7. Elizabeth Kitley, senior, C, Virginia Tech

The Hokies senior has perfected the art of the seal and score. Kitley has great body control, footwork and awareness under the basket, and she doesn’t overuse the dribble — something that leads to turnovers for bigs. She scores in a variety of ways, from turn-and-face jumpers to slicing between defenders with a well-placed step or around them with a pivot. Last season, she averaged 18.1 points and 9.8 rebounds per game for a near double-double and ended her season with a school-record 42 points in an NCAA Tournament loss to Florida Gulf Coast. At 6-6, she already has the physical skills to block shots, but Kitley’s body control and awareness mean she’s able to do it without fouling, averaging 2.4 blocks per contest.

Azzi Fudd (David Butler II/USA TODAY Sports)

8. Azzi Fudd, sophomore, G, UConn

The 2021 No. 1 recruit didn’t get a chance to show off her full skill set last season as injuries limited her playing time. But coach Geno Auriemma says she’s “as good as anybody we’ve had at this point,” which is quite the statement when you consider the plethora of talent that’s come out of UConn. Last year, Fudd averaged 12.1 points per game while shooting 43 percent from beyond the arc and 91.2 percent from the free-throw line.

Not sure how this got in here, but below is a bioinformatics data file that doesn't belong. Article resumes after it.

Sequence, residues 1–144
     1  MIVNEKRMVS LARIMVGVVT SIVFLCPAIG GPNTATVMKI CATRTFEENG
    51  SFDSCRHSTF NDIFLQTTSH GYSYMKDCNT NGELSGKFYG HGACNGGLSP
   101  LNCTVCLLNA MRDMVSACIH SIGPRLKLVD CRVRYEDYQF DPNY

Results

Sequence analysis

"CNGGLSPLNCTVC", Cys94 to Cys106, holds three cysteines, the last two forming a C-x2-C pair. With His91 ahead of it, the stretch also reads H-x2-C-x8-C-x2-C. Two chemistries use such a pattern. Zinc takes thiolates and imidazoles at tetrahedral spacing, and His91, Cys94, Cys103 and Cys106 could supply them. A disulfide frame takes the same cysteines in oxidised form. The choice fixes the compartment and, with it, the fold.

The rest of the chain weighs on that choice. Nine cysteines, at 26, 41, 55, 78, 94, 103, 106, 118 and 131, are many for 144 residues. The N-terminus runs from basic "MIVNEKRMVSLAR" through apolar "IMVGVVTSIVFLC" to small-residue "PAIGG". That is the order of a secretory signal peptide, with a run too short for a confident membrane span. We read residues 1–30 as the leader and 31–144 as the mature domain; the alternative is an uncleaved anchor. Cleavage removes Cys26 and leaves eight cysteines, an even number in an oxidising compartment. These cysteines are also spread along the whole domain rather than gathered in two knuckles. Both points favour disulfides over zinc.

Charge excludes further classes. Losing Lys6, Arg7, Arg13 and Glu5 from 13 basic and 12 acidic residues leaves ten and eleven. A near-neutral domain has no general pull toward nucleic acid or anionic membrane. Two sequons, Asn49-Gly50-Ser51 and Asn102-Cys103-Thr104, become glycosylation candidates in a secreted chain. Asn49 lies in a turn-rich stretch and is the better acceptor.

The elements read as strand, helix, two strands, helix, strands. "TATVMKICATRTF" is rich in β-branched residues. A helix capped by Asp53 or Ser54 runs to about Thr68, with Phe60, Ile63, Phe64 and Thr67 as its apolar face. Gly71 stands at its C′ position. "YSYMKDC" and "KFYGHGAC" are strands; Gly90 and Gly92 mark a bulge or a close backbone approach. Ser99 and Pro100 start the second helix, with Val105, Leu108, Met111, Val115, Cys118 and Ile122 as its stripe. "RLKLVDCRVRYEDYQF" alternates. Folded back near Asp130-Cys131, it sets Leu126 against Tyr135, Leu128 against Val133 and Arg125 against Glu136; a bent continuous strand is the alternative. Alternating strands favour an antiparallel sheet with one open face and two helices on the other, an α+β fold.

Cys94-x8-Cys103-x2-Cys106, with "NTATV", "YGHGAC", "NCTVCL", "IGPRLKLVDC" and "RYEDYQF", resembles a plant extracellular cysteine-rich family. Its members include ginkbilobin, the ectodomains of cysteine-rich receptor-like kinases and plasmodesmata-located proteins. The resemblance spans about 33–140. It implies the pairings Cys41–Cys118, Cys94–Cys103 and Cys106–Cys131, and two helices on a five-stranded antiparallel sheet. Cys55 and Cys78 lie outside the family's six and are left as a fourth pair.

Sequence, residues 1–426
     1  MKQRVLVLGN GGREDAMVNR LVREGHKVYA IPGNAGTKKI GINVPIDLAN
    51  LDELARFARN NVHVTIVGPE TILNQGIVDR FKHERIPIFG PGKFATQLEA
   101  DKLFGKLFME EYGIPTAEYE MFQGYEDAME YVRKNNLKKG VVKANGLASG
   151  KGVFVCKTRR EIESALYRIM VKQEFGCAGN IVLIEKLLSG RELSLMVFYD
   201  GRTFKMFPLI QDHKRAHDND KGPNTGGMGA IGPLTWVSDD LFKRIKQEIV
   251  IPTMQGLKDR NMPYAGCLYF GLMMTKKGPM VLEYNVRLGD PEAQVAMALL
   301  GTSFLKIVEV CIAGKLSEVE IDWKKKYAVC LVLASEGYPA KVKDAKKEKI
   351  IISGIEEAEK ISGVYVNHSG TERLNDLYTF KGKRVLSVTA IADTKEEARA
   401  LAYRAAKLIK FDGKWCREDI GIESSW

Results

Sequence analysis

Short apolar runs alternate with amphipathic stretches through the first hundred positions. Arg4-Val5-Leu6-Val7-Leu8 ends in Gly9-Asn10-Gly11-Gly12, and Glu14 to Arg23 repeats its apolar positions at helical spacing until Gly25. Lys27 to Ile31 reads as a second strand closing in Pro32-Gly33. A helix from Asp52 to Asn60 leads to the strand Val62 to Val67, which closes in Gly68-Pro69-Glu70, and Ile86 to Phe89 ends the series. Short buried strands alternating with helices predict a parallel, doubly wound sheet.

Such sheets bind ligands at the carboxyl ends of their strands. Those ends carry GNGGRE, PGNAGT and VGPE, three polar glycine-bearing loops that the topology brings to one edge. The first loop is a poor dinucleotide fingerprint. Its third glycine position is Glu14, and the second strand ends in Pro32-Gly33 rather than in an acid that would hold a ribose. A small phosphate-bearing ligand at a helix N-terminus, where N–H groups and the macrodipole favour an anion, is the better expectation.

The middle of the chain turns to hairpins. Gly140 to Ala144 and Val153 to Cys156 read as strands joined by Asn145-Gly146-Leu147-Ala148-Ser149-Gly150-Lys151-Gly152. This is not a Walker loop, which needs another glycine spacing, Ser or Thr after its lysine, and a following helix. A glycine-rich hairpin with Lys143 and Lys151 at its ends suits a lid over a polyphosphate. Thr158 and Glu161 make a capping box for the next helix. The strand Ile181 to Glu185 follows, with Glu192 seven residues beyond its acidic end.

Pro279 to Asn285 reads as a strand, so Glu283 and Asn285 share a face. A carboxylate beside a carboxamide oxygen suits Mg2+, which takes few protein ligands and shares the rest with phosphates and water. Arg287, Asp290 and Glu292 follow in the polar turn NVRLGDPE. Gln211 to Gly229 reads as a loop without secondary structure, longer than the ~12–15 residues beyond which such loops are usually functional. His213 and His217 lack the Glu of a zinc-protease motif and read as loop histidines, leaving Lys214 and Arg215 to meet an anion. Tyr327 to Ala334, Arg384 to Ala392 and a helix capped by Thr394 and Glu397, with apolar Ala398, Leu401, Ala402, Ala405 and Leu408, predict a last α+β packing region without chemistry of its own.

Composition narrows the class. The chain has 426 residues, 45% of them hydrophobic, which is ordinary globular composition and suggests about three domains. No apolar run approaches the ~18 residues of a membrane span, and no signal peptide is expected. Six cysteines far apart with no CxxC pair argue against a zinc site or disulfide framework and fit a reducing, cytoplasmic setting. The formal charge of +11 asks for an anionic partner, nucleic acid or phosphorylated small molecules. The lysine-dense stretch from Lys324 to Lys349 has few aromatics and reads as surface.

The sophomore has picture-perfect shooting form, with a quick release and a high-release point. And though her 3-point shooting was a highlight last season, Fudd is much more than a long-range shooter — she’s an athletic playmaker whose decision-making off the dribble is outstanding. Fudd’s potential this season is virtually limitless, and the Huskies will count on her to lead the offense in the absence of the injured Paige Bueckers.

9. Olivia Miles, sophomore, G, Notre Dame

As a freshman, Miles took Notre Dame to the Sweet 16 and led her team in both points per game (13.7) and assists per game (7.4). That assist mark was also second in the country, behind Iowa’s Clark. Even more impressive was Miles’ near 2:1 assist-to-turnover ratio. The Fighting Irish have already counted on Miles to make the right decisions, and that skill will only improve this season. The rising sophomore is a true floor general, whose ability to read defenses and create for herself and others make her difficult to contain both on the fastbreak and in a halfcourt setting. Expect more of the same from Miles this time around.

10. Aneesah Morrow, sophomore, F, DePaul